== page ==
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"As long as human rights are violated, there can be no foundation for peace. How can peace grow where speaking the truth is itself a crime?"

Goodwill hunting: Obama treads delicately with China

November 22, 2009

Michael Fullilove
The Sydney Morning Herald
November 21, 2009

Barack Obama has come to the end of his week-long
trip around Asia, with stops in Japan, China and
South Korea as well as Singapore for APEC and a meeting with ASEAN leaders.

The tour went pretty well. There were no big
mistakes (unless, like right--wing bloggers in
the United States, you trouble yourself with the
depth of the President's bows), but there were no
memorable achievements either.

The week did add to our understanding of his
approach to four issues that matter to Australia:
the future of Asia; US relations with its
competitors and allies, and human rights.

Some analysts think that among American
politicians, only Republicans care about this
part of the world. Democrats are supposedly too
interested in Europe to understand Asia.

Yet last week shows that the region matters a
great deal to Obama. He knows more about the
Pacific than most of his predecessors and there
was nothing desultory about this trip.

The Europeans are certainly feeling a little
anxious about his Asia focus. More than one
commentator contrasted his presence in Asia this
week with his absence from the 20th anniversary of the fall of the Berlin Wall.

Any US president would have brought a respectful
demeanor with him to Beijing. China is not only
America's leading creditor and trading partner;
its global power is increasing across all
dimensions. Talk of the US and China forming a
''Group of Two'' wildly flatters Beijing, which
cannot compare with Washington in its ability to
project power or influence decisions, or its
willingness to bear responsibilities.
Nevertheless, China is the coming power, and the
agenda for Obama's talks with President Hu Jintao
-- covering tariffs, currency, climate change,
Iran and Afghanistan - demonstrated the breadth of China's interests.

In light of this, Obama proposed to "deepen" the
bilateral relationship and his officials have
spoken of ''strategic reassurance''. This
approach is worth trying. The Chinese remain very
conscious of the wounds they suffered at the
hands of the imperial powers, so Western dictates
are unlikely to produce results. Instead, Obama
is trying to draw Beijing further into the
international system's web of benefits and obligations.

If strategic reassurance is to be meaningful,
however, it needs to be reciprocal. There were no
signs of Chinese concessions on currency
revaluation or climate change, no tough Chinese
talk (as we have seen from the Russian President,
Dmitri Medvedev) on Iran's nuclear program.

Obama urged that "in an inter-connected world,
power does not need to be a zero-sum game." The
Chinese leadership may like that line, but I don't think they believe it.

One advantage Obama has in this game is a
decades-old alliance structure of enormous value,
one that China would love to replicate. In Japan
and South Korea, Obama sent the signal that these
alliances ''are not historical documents from a
bygone era, but abiding commitments to each other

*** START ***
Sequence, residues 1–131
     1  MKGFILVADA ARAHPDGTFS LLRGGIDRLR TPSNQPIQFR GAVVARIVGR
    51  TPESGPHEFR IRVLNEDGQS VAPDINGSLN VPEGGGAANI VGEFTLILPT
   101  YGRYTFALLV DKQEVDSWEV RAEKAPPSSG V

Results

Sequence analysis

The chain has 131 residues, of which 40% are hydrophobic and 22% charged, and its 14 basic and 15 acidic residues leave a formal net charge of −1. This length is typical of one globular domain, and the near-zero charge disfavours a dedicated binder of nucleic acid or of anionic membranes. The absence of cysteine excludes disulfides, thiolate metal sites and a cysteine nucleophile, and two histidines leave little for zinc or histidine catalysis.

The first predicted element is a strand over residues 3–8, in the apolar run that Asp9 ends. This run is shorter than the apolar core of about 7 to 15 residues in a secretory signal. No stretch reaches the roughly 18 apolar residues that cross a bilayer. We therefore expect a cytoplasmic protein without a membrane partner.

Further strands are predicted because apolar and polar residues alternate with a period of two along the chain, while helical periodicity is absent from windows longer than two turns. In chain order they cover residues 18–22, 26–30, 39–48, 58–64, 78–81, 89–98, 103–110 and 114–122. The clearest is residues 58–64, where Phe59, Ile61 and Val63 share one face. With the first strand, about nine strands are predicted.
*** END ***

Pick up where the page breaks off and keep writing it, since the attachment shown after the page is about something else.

that are fundamental to our shared security''.
Both sides moved a little on the Korea-US free
trade agreement, and Obama showed real steel in
his comments on the nuclear programs of North Korea and Iran.

This was important because his commitment to
alliances remains untested. The alliance system
does not form a mental framework for him in the
way it does for, say, Senator John McCain. In
this context, the personal relationships between
allied leaders and the President assume unusual
importance. It was hard to spot another
Asia-Pacific leader last week who has a stronger
bond with Obama than Kevin Rudd, who was very
adroit in his dealings with the President.

But the trip also shed more light on Obama's
approach to human rights. As President he has
been quiet on the issue, even declining to meet
his fellow Nobel Peace Prize winner, the Dalai
Lama. He telegraphed that human rights would be
progressed with China ''in a spirit of partnership rather than rancour''.

Obama spoke out on censorship in his meeting with
young Chinese in Shanghai. He was, perhaps,
overly cautious with his choice of words, saying
"I'm a big supporter of non-censorship'' - which
is, presumably, less confronting than saying
''I'm a big opponent of censorship'' or ''I'm a
big supporter of free speech''. Eighteen months
ago, in his speech at Peking University, Rudd was
more forthright, referring to "significant human rights problems in Tibet."

As US President, Obama needed to be careful in
his remarks. The last thing he needs, with a
looming decision about troop deployments to
Afghanistan and more trouble in the Holy Land, is
a spat with China - whose goodwill he wants. But
human rights always finds its place in US foreign
policy, and over time it will with this administration too.

It was good to have Obama in the region last
week. We should take him at face value when he
says: "Asia and the United States are not
separated by this great ocean; we are bound by it.''

Michael Fullilove is director of the Lowy
Institute's global issues program and a
non-resident senior fellow at the Brookings Institution in Washington.
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